United States: A New Budget, A New EPA Administrator, And New Uncertainty For Superfund Cleanups

Last Updated: June 13 2017
Article by Van P. Hilderbrand Jr and Marian C. Hwang

When Scott Pruitt took over the post as Administrator of the United States Environmental Protection Agency (EPA), he made it clear that one of his top priorities was to expedite cleanups at contaminated sites across the country. Facing reductions in the agency's FY2018 operating budget, including cuts to the Superfund program, it has become clear that in order to achieve this goal, Administrator Pruitt will not be able to simply increase spending, but instead must look to overhaul and restructure the cleanup program from within. To that end, he has made several significant decisions recently including centralizing remedy selection decision-making authority at EPA headquarters and creating a regulatory reform task force.

Briefly, What is Superfund?

The Comprehensive Environmental Response, Compensation, and Liability Act (CERCLA), enacted in 1980, and the Superfund Amendments and Reauthorization Act (SARA), enacted in 1986, are the federal statutes that provide EPA with the responsibility and authority to identify and clean up contaminated sites throughout the country that pose harm to human health and the environment. CERCLA holds those responsible, in whole or in part, for releases of hazardous substances at a site through a joint and several, strict liability scheme. Those that can be found liable include current and former site owners and operators, as well as waste generators and those that arrange for the disposal of hazardous substances at the site.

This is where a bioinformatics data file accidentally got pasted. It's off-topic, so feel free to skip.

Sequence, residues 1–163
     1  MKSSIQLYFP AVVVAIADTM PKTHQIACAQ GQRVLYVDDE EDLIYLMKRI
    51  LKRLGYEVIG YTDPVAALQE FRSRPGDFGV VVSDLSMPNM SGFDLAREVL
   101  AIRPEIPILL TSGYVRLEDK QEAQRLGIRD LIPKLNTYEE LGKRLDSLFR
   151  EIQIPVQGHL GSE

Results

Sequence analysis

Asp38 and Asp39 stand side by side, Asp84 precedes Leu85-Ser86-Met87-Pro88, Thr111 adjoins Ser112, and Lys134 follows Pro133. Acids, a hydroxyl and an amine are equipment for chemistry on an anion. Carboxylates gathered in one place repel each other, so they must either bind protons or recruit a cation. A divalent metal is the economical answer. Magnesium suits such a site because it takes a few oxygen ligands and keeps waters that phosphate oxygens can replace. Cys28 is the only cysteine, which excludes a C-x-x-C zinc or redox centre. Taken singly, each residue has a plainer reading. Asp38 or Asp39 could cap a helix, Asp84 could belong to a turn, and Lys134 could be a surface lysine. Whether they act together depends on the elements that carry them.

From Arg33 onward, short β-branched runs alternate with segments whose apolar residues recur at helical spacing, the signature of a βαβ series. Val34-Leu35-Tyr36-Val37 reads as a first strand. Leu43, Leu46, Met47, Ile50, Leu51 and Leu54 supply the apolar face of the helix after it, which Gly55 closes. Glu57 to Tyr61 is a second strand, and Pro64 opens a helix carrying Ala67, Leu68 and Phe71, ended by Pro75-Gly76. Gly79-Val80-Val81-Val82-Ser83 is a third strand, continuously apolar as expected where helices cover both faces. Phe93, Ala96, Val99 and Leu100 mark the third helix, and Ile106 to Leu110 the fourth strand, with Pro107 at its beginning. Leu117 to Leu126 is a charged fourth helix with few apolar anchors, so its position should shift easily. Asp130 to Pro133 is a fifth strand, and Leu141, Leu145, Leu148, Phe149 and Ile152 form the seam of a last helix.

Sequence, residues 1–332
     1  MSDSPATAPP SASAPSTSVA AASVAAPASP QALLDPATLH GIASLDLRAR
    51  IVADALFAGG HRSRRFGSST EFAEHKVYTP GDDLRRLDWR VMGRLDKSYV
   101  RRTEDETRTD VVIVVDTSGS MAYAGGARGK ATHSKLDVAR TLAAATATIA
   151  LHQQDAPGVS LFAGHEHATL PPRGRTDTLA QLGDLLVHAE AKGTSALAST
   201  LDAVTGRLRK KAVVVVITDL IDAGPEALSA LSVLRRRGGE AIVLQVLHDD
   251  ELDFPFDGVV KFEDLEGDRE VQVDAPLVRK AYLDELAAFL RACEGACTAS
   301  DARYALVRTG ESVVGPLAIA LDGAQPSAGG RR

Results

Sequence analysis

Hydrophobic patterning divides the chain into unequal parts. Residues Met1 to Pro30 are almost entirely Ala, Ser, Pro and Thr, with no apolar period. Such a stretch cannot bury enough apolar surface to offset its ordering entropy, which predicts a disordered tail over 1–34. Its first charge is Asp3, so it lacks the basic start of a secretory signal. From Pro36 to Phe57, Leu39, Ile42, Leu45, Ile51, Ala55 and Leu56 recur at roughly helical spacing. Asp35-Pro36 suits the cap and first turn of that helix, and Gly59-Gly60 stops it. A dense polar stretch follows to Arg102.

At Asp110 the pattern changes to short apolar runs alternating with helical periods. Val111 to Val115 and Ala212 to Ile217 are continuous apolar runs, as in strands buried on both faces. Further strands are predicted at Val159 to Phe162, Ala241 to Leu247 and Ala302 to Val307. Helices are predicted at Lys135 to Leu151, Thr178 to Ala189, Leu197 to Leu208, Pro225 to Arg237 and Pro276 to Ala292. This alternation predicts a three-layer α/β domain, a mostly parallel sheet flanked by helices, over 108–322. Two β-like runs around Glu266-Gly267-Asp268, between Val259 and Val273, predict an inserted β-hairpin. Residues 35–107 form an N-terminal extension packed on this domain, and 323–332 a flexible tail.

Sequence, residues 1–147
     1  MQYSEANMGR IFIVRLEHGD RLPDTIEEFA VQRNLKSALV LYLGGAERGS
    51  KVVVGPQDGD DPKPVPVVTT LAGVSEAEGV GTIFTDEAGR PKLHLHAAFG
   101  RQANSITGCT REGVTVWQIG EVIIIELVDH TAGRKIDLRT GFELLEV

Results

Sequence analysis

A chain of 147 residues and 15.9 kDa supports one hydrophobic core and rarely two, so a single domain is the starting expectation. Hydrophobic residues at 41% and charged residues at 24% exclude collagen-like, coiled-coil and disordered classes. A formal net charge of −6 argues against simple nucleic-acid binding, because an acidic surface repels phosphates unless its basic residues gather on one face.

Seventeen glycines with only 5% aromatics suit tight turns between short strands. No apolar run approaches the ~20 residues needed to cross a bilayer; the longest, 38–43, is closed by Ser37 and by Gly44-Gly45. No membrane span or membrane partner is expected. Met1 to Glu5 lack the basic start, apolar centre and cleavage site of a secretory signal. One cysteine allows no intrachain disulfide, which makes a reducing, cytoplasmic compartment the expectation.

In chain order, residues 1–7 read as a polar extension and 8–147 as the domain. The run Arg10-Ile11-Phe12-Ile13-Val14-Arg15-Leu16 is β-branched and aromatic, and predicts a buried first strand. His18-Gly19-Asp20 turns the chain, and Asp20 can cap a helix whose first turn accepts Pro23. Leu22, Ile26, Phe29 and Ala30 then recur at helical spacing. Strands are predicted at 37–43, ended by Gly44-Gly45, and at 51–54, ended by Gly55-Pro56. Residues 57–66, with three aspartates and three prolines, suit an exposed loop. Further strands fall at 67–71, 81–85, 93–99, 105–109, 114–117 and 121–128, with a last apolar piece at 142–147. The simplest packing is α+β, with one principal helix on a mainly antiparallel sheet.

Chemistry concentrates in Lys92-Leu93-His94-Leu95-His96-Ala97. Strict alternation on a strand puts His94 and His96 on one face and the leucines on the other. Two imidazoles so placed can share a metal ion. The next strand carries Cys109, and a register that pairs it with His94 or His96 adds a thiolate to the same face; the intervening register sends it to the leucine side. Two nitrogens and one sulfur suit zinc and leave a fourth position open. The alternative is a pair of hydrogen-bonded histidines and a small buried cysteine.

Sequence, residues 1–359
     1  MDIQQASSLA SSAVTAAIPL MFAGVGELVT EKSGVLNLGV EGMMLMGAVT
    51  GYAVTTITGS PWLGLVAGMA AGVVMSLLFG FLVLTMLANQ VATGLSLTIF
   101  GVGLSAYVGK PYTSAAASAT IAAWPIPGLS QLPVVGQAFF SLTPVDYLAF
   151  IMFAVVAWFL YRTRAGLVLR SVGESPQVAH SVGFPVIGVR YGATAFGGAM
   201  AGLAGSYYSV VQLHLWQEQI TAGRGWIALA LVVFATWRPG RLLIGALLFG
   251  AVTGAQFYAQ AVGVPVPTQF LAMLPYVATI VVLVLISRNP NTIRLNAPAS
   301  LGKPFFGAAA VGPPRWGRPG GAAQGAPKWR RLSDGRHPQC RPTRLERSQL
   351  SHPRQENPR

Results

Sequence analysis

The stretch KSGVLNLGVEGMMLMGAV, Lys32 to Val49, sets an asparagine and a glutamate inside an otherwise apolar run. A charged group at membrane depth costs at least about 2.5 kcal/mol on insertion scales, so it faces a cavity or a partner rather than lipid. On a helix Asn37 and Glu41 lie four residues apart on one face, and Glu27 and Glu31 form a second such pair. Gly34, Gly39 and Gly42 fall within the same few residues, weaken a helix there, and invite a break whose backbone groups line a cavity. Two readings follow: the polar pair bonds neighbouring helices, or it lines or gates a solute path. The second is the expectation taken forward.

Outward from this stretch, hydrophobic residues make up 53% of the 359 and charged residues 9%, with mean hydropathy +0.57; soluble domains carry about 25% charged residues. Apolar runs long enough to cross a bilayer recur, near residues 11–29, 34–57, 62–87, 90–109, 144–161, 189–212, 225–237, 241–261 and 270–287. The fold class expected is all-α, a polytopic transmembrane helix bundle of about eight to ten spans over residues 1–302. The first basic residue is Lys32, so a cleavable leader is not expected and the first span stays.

CERCLA created a trust fund, also referred to as the Superfund, to finance emergency responses, cleanups, and enforcement activities against potentially responsible parties (PRPs). The original money set aside to address contaminated sites has long since dried up. Today, the program is replenished mainly with Congressional appropriations from the general tax fund and from money collected from responsible parties.